OThe Federal Reserve declared a plan to shrink its balance sheet on May 4, 2022. $9 trillion large, and ten times bigger than it was before the 2008 financial crisis, the Fed’s accumulation of assets has helped to lower borrowing costs across the economy, lift stock and real estate prices to unprecedented heights, and fuel record profits for financial conglomerates.
Fed says that the Fed can reverse the course of events and unwind emergency measures, which it initiated back in 2008.
The Fed won’t get far because of the current structure and financial system. The last time Fed officials attempted “policy normalization” was in 2017. Faced with much milder macroeconomic circumstances, the Fed reduced their balance sheet by just twenty percent to $3.6 trillion. Then it was hit again by Wall Street turmoil. In 2019, they resumed purchasing financial assets.
A new 2008-style financial panic erupted months later in March 2020. The Fed provided trillions of dollars in loans to foreign central banks and financial institutions, in order to prevent another meltdown. To protect capital markets, and to make trading corporate securities easier, it set up numerous ad-hoc lending facilities. Wall Street didn’t go down without it.
The Fed’s financial sector assistance was so helpful that its leaders expanded their reach. They created programs to direct lend to small and medium-sized enterprises. They also created new mechanisms to support local and state governments. Seeing the Fed’s growing footprint, politicians and policy makers are now suggesting that the Fed use its balance sheet to stabilize commodity markets, make transfer payments directly to households, and more. (Naturally, partisan attention on Fed nominees has also spiked—with recent confirmation fights focused on whether the central bank should play a greater role in combatting climate change.) The Fed has, in fact, remained in an emergency mode for more than a decade and continues to expand its programs as a result of each economic shock.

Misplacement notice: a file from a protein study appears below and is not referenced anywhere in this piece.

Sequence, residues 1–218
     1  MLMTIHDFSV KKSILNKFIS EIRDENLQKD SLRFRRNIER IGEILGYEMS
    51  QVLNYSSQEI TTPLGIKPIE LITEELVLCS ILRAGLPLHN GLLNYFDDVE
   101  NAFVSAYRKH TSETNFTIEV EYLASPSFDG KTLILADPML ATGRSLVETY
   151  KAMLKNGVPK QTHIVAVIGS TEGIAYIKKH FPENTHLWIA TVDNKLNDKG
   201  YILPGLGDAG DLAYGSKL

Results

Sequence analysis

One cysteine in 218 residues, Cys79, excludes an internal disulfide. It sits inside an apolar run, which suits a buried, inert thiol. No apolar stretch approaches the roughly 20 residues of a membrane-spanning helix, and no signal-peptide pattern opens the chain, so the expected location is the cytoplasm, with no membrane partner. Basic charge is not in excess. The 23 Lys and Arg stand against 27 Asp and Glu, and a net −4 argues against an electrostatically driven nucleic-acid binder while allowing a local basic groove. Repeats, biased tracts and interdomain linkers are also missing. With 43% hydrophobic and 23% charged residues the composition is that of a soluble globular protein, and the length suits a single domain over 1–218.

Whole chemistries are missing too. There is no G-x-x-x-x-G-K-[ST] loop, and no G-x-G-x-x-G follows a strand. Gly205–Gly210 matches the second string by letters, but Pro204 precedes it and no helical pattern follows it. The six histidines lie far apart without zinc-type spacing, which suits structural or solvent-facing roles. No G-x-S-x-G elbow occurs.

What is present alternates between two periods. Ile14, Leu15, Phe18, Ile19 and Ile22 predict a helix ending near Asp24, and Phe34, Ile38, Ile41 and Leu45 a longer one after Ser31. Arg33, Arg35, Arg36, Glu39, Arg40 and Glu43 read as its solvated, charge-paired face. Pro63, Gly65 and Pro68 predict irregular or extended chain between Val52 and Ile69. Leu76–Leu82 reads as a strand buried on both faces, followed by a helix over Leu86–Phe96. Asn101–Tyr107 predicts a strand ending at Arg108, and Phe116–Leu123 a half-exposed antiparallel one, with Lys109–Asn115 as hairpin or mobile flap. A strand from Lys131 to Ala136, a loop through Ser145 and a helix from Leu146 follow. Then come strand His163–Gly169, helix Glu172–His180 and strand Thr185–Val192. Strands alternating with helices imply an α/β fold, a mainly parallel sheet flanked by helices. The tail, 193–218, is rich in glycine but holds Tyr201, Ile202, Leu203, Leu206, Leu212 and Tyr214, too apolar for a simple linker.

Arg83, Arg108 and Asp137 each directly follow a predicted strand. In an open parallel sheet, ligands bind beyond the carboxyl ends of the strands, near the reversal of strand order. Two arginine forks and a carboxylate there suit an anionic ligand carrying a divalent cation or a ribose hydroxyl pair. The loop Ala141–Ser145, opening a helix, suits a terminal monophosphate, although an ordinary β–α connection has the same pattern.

But the roots of this transformation are deeper than the Fed. Problem is our bank system. Since 2008, Congress has failed to address the dramatic expansion of unregulated money creation by “shadow banks,” firms that operate like banks without complying with bank regulation. Some of the best-known and biggest shadow banks—like Lehman Brothers and Bear Stearns—collapsed or were conglomerated with chartered banks in 2008. Today there are many shadow banks. Some operate independently as broker dealers, or hedge funds. Other branches of conglomerates include banking institutions. Still others have international operations that fall under the control of foreign governments. However, regardless of their origin and location, the economy is dependent on shadow banks’ money instruments. These firms rely on and expect public support from the Fed in times of trouble.
It is important to look at the U.S. financial structure in order to understand how shadow banks are playing a role in today’s economy. Congress created the Fed in order to oversee a network bank-chartered by government agencies. These banks—which range in size from local community banks to conglomerates like Bank of America, JPMorgan Chase, and Wells Fargo—are designed to create most of the money in the economy. The money they create are called deposits. Although the Fed issues the cash we carry around in our wallets, bank deposits (not cash) are what employers generally use to pay salaries (e.g., “direct deposits”) and households use to pay credit card bills. Today, there are approximately $18 trillion in deposits and only $1 trillion cash available for domestic use.